I dated a guy whose family were into commercial grain farming for several generations as well.
 
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There is a middle ground (pun intended) in farming vs. gardening, and that is "truck farming". Many of the farmers you see at farmers' markets are truck farmers. They have smaller acreage, specialize in one or two crops that are in demand (like CanadianLori's peppers), and don't raise much that they can't sell.
There are variations like grass fed beef, free range chickens, organic eggs, and ducks. But this is more livestock raising and less gardening.
 

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Farming is what you do to make money and feed your family. Gardening is what you do because you like to play in the dirt with plants and get dirty:rolleyes:
 
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I agree with many people here that farming is a bigger job than gardening. Also when someone says that are going to a farm, there usually involves livestock. I can't say that I am a farmer since what I grow in my garden is mostly for personal pleasure and barely enough to feed a family of two.
 
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I figure farming is a lifestyle and gardening is a small time job. It seems that it takes more to effectively run a farm. It would include more than just growing crops. It would also include raising livestock and making a living through these means.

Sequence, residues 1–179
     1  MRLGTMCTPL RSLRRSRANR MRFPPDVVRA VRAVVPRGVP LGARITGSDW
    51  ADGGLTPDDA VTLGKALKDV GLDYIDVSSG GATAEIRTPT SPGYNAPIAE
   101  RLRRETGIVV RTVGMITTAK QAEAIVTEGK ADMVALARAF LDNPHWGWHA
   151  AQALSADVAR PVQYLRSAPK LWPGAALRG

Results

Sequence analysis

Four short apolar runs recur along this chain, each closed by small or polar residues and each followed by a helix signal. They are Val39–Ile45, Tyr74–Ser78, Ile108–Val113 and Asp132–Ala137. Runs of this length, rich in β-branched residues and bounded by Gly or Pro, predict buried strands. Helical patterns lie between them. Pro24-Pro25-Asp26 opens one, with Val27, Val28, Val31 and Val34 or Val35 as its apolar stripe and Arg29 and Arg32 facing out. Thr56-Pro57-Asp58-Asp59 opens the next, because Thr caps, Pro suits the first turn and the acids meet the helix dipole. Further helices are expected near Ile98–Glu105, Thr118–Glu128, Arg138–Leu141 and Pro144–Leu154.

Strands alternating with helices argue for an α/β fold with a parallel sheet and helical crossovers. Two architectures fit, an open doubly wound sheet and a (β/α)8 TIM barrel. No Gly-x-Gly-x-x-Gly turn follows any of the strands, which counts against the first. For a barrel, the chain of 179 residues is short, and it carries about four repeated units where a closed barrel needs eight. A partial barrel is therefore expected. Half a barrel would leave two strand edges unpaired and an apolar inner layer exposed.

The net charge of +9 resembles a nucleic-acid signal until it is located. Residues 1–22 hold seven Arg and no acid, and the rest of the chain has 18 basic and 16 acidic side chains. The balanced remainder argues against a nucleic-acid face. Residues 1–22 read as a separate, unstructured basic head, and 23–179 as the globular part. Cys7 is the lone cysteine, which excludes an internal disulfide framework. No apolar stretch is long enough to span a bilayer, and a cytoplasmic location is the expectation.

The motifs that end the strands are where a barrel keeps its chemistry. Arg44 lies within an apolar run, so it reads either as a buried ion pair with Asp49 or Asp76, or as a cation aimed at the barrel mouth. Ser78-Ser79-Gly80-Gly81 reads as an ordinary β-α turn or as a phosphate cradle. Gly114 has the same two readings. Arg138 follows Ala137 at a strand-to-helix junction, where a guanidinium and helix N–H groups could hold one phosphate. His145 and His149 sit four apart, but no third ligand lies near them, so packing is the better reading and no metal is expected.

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I enjoyed this thread immensely! As the daughter of flower farmer's, I think I have the best of both world's. It is a combination or economic gain and aesthetic pleasure. When I am out in the field, I think of it as one big garden. Of course, it is not really like the gardens we have around the house. Nor, is it like the surrounding farmers corn and soy fields.
 
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even within farming, there is a difference....we raised thousands of acres of Potatoes, when Aroostook County Maine was the potato capital of the nation and we were small compared to what Bird's Eye and Vahlsing used to farm. They had dozens, likely hundreds of tractors and trucks to make the harvest and when we switched to peas or sugar beets to be competitive, they were right there with us. We "felt" like the little guys, for sure.